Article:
According to another example embodiment, an electrical connector may include a cord comprising a plurality of wires, and a plug extending from the cord. The cord may include electrical contacts on a top portion and a bottom portion of the plug so that when the plug is rotated one hundred and eighty degrees an arrangement and coupling of the electrical contacts remains the same. The electrical contacts may include a top row of electrical contacts on the top portion of the plug, the top row of electrical contacts comprising a first top differential pair configured to transmit signals according to a first communication protocol and a second top differential pair configured to transmit signals according to a second communication protocol, the first top differential pair being closer to a center of the top row of electrical contacts than the second top differential pair, the first communication protocol having a higher data rate than the second communication protocol.

According to another example embodiment, an electrical receptacle may include a first row of electrical contacts extending along a side of the receptacle a first distance from an opening of the electrical receptacle and a second row of electrical contacts extending along the side of the receptacle a second distance from the opening of the electrical receptacle. The first row of electrical contacts may include a first receptacle differential signaling pair configured to carry signals according to a first communication protocol, the first receptacle differential signaling pair including a first receptacle contact and a second receptacle contact, the first receptacle contact and the second receptacle contact being closer to a center of the first row of electrical contacts than remaining contacts in the first row of electrical contacts, and a second receptacle differential signaling pair configured to carry signals according to a second communication protocol, the second communication protocol having a lower data rate than a data rate of the first communication protocol, the second receptacle differential signaling pair including a third receptacle contact and a fourth receptacle contact. The second row of electrical contacts may include a third receptacle differential signaling pair configured to carry signals according to the first communication protocol, the third receptacle differential signaling pair including a fifth receptacle contact and a sixth receptacle contact, the fifth receptacle contact and the sixth receptacle contact being closer to a center of the second row of electrical contacts than remaining contacts in the second row of electrical contacts.

According to another example embodiment, a computing device may include at least one processor configured to execute instructions, at least one memory device configured to store instructions executable by the at least one processor, a receptacle electrically coupled with the at least processor, the receptacle defining an opening symmetrically bisected by a plane orthogonal to the opening, a first pair of signaling contacts intersected by the plane and configured to transmit and/or receive data based on a first communication protocol, and a second pair of signaling contacts disposed entirely on one side of the plane and configured to transmit and/or receive data based on a second communication protocol having a lower data rate than a data rate of the first communication protocol.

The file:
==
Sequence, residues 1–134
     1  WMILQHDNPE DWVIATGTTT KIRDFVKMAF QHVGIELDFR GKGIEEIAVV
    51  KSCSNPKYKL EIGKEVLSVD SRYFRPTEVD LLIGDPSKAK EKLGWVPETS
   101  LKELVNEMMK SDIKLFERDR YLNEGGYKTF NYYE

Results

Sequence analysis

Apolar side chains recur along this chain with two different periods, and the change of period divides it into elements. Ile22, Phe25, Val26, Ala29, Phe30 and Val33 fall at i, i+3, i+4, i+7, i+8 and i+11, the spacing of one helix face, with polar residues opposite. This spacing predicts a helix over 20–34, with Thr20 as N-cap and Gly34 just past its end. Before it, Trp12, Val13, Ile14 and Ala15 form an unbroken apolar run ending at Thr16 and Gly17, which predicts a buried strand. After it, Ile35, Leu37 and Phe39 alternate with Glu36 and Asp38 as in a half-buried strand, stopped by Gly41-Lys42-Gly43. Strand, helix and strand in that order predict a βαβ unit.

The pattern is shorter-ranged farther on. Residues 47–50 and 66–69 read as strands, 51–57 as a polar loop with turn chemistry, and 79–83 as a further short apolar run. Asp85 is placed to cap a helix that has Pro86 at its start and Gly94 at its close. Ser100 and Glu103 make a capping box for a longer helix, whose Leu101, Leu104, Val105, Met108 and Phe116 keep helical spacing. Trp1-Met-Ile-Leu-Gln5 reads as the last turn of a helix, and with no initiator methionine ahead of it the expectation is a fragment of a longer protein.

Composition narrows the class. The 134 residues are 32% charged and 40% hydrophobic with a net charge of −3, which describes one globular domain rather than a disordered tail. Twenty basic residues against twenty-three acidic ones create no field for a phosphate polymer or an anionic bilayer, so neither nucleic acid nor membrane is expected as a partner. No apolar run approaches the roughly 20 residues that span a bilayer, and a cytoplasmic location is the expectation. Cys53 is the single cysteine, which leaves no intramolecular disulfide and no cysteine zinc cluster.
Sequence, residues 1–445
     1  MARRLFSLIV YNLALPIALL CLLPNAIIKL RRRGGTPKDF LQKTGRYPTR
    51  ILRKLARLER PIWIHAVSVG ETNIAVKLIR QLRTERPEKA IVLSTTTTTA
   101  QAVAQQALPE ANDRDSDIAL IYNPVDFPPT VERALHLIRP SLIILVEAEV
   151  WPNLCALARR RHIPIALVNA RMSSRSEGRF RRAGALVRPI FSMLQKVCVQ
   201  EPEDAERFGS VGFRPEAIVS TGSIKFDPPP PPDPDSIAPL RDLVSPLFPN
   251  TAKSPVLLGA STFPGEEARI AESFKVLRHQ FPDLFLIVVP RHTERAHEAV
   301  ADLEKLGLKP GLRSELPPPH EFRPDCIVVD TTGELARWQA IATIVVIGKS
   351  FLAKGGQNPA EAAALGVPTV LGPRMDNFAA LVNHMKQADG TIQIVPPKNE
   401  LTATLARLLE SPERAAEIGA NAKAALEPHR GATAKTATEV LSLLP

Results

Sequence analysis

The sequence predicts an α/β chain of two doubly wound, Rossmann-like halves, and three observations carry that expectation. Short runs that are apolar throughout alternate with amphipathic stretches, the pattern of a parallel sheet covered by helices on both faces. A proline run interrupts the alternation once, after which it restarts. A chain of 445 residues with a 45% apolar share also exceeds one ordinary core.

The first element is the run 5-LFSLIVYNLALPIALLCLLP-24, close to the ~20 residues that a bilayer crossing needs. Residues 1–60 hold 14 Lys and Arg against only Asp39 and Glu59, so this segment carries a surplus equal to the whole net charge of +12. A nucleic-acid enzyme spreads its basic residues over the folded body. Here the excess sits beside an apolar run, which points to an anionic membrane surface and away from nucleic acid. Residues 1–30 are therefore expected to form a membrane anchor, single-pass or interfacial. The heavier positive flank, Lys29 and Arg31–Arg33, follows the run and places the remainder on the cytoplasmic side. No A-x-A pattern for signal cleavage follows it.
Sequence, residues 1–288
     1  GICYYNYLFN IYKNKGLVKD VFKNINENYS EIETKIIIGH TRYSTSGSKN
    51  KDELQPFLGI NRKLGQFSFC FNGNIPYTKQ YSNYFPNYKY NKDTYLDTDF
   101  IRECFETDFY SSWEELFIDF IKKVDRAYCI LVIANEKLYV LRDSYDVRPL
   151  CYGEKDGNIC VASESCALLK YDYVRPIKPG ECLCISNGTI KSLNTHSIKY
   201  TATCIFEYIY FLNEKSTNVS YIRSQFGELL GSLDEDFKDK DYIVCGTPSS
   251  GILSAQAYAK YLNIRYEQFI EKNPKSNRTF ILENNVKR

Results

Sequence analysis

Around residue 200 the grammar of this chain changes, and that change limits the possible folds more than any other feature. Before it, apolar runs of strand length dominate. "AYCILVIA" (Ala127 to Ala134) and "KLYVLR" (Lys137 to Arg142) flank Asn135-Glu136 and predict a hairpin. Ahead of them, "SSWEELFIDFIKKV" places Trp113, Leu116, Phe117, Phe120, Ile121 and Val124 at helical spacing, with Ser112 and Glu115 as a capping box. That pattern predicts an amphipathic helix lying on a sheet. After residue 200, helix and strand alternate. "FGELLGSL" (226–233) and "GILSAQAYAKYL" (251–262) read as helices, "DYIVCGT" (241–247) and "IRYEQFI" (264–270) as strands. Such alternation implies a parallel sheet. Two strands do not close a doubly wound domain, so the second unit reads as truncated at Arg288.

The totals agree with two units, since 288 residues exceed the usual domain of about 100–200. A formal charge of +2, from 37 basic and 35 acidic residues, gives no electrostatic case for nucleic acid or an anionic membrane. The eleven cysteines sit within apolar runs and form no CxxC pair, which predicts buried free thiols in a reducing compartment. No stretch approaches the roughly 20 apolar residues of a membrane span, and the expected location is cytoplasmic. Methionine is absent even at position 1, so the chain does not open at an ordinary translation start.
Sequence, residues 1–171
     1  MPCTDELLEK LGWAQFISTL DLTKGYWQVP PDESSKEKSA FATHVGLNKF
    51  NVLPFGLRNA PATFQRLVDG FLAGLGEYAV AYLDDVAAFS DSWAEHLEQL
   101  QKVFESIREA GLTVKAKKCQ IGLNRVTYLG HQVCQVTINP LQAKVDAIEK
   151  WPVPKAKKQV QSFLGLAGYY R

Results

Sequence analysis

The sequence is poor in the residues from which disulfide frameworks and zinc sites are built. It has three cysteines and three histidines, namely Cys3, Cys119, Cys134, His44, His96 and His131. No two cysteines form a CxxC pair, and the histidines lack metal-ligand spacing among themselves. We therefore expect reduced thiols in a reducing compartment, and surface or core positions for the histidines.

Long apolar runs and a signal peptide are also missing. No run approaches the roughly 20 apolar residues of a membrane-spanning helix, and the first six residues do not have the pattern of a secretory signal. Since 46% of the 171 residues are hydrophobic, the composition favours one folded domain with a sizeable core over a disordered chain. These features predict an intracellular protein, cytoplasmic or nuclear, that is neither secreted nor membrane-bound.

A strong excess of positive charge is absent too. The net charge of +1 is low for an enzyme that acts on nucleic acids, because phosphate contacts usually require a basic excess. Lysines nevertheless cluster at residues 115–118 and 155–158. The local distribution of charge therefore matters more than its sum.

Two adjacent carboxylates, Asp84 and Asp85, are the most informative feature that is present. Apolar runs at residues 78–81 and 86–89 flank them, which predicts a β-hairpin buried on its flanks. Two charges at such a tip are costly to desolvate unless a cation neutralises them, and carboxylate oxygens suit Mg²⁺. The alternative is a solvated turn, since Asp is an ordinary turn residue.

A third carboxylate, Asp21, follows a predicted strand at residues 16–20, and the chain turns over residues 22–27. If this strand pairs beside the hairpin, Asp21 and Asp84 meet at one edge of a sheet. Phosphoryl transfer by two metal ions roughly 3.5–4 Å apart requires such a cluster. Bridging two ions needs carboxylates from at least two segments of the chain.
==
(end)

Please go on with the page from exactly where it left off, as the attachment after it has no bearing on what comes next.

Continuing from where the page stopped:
According to another example embodiment, a computing device may include at least one processor configured to execute instructions, at least one memory device configured to store instructions executable by the at least one processor, and a receptacle comprising multiple electrical contacts configured to communicate with the at least processor. The multiple electrical contacts may include at least a first differential signaling pair for transmitting and/or receiving data according to a first communication protocol and a second differential signaling pair for transmitting and/or receiving data according to a second communication protocol. The second communication protocol may have a lower data rate than the first communication protocol. The first differential signaling pair may include a first electrical contact and a second electrical contact, the first electrical contact and the second electrical contact being a first distance from an opening of the receptacle. The second differential signaling pair may include a third electrical contact and a fourth electrical contact, the third electrical contact and the fourth electrical contact being the first distance from the opening of the receptacle. The second differential signaling pair may have a lower data rate than the first differential signaling pair. The third electrical contact may be farther than the first electrical contact and the second electrical contact from an imaginary line through a center of the at least one side of the receptacle. The imaginary line may be perpendicular to the opening of the receptacle. The fourth electrical contact may be farther than the first electrical contact and the second electrical contact from the imaginary line.